When it comes to sleep, teens are vulnerable to delayed sleep phase syndrome (DSPS).
This is a circadian rhythm sleep disorder, meaning that it affects the body's internal clock. DSPS is also known as delayed sleep phase disorder (DSPD).
In my previous articles on teen sleep— Get Some Sleep Teen, 16 Dangers of Teen Sleep Deprivation Part 1, and 16 Dangers of Teen Sleep Deprivation Part 2 —I did not get into this important topic. That's because only about 7% of teens have DSPS.
However, it is crucial for parents and teens to be aware of it.
DSPS is a type of sleep disorder where, biologically, the teen has difficulty falling asleep until the wee hours of the morning. They then have great difficulty getting up early in the morning and are not fully awake until the afternoon.
The cause of DSPS is not known, although there appears to be a genetic factor. So it's important for parents to understand that a teen with DSPS is not at fault for not being able to get to sleep earlier.
For example, a teen with delayed sleep phase syndrome might desire to fall asleep at 10 with the hope of waking refreshed in the morning. However, they may have an internal sleep cycle that prevents them from becoming sleepy until much later.
While everyone else in the family is winding down at 9 or 10 p.m. to get some sleep, teens with DSPS are winding up. They can easily zoom past the midnight hour to 1 or 2 a.m. before even having an inkling of dozing off.
Then getting up in the morning for school takes an act of Congress.
The problem though, as I pointed out in Get Some Sleep Teen, 16 Dangers of Teen Sleep Deprivation Part 1, and 16 Dangers of Teen Sleep Deprivation Part 2 is that school start times are very early in the morning.
So this completely derails a teen's natural sleep cycle, and can open up a hornet's nest of trouble in a teen's health and life.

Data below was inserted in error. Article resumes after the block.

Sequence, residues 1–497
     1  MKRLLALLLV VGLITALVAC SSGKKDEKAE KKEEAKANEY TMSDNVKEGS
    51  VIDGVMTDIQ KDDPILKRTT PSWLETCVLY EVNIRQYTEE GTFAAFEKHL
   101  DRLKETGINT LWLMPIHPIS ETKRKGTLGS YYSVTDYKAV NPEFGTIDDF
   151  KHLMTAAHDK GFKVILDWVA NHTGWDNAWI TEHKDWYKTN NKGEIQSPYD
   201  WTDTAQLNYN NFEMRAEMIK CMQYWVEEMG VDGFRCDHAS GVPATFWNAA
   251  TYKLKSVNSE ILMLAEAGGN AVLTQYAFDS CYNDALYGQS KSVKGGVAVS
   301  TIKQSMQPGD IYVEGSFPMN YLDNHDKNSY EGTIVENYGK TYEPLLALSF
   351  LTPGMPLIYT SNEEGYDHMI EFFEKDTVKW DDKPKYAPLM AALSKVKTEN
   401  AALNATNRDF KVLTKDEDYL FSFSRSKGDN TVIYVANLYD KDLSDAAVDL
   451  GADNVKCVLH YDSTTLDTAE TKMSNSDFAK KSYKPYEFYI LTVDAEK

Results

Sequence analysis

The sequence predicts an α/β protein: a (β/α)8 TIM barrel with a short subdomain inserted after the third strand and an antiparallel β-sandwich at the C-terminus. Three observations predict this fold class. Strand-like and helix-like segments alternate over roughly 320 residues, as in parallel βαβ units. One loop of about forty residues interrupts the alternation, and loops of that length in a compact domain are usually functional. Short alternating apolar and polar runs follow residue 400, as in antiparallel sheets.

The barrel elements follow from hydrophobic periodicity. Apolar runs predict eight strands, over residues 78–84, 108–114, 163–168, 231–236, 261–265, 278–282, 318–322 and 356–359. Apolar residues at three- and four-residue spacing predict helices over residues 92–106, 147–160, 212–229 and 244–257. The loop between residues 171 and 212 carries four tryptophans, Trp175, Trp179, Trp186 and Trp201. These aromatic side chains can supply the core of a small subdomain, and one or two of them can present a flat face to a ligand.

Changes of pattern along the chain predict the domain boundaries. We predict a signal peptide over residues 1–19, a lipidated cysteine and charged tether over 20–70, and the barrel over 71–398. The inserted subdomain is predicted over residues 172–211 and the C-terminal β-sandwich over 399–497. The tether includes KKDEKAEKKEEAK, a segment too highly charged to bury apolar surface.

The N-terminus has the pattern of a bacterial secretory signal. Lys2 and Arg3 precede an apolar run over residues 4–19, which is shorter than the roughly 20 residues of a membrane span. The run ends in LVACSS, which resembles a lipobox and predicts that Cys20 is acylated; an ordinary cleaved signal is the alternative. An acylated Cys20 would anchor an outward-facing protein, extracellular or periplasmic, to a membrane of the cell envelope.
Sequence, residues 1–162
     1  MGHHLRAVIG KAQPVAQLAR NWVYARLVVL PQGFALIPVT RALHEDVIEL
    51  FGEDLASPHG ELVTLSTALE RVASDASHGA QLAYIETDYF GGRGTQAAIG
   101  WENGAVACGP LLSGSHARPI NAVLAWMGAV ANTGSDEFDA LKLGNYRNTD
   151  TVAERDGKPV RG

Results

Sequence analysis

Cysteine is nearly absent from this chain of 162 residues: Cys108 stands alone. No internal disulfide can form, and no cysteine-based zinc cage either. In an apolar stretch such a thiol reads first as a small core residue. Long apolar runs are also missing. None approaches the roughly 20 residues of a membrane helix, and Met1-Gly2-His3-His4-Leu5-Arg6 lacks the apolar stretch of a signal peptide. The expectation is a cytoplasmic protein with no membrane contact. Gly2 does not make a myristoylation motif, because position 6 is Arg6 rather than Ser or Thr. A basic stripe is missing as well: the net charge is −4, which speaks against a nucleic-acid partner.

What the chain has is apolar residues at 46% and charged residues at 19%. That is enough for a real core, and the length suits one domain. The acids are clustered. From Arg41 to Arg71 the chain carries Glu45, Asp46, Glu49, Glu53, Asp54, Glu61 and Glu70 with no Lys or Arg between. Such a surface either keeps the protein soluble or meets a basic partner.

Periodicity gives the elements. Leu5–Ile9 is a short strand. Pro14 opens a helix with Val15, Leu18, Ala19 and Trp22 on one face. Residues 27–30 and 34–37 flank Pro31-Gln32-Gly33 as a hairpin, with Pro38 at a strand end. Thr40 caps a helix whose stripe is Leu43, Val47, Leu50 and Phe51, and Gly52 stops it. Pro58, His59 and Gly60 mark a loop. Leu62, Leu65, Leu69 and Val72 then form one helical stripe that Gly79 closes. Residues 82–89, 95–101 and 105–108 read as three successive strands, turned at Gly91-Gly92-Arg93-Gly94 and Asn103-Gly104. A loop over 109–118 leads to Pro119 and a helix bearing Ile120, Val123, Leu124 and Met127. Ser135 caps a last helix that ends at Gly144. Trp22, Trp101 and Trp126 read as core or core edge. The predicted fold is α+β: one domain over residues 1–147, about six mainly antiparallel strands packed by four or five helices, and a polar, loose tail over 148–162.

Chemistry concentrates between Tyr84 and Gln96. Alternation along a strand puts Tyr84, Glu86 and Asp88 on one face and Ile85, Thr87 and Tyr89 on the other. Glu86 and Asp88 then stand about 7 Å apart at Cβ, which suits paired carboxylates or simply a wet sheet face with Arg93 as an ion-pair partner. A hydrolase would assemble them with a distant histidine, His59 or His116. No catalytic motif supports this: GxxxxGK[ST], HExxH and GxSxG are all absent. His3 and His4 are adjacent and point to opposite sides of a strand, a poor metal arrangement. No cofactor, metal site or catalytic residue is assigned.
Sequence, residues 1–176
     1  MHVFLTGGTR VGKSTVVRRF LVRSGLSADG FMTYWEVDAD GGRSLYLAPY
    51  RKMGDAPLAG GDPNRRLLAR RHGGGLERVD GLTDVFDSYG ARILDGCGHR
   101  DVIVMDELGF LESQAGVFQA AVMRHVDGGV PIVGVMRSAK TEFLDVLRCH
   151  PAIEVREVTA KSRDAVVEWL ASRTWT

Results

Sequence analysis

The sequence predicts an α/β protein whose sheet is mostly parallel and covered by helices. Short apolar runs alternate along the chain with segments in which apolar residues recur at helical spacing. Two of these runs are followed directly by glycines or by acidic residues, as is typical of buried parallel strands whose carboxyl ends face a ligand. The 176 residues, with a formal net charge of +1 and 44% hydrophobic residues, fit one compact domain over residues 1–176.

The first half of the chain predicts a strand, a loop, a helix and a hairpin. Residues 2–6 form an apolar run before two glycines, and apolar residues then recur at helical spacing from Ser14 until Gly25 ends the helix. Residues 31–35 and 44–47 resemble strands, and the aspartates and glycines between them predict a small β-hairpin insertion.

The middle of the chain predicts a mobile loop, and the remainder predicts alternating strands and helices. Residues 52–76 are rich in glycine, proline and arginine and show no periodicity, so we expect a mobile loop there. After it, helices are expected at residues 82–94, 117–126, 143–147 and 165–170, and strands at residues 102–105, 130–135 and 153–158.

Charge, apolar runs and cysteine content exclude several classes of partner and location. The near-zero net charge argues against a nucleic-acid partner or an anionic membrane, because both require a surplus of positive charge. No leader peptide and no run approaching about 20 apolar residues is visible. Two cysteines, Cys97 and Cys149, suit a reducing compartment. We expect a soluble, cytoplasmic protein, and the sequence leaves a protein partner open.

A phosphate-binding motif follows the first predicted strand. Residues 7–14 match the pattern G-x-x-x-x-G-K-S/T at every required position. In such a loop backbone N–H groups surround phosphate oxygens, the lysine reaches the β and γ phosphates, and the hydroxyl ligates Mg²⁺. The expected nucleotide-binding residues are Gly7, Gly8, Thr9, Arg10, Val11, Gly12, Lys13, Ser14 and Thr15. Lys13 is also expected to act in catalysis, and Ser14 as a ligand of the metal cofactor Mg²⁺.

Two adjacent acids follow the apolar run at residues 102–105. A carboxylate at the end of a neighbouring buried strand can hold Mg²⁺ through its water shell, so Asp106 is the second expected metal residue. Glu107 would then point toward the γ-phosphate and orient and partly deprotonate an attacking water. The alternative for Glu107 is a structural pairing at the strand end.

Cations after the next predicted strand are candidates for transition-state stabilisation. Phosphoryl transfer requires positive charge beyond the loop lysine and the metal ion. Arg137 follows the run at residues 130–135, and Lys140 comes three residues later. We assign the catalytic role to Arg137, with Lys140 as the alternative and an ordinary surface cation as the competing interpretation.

Even in teens without delayed sleep phase syndrome, there is an evening delay in the sleep pattern, where most teens aren't sleepy until after 11 p.m. It's just much more extreme in teens with DSPS.
Here's another thing. Unlike the 93% of teens who don't have DSPS, the 7% of teens with DSPS may never outgrow it for the rest of their lives. Extreme night owls forever.
But that’s okay because...
The key for adults with DSPS is to find a way to make a living doing something they enjoy, that allows them to go to bed late and get up at noon.
I've written an informative article about how to do that. You can work for yourself and have a lot of fun doing it.
You'll no longer have to live your life on someone else's schedule. Now that's freedom!
So if you're an adult with delayed sleep phase syndrome, click here to read Best Business to Start for Funding Your Retirement Years and Financial Freedom.
Awareness is always the first place to start. So now that you've read this article, you're at least aware of this type of sleep disorder in teens. Here are the main things to look for:
Sleep Experts Sound the Alarm: Get Some Sleep Teen!
16 Dangers of Teen Sleep Deprivation
16 Dangers of Teen Sleep Deprivation Part 2
Teenage Sleep: 8 Steps to Restful Nights Part 1
Teenage Sleep: 8 Steps to Restful Nights Part 2
Return from Delayed Sleep Phase Syndrome to Sleep Disorders Home Page
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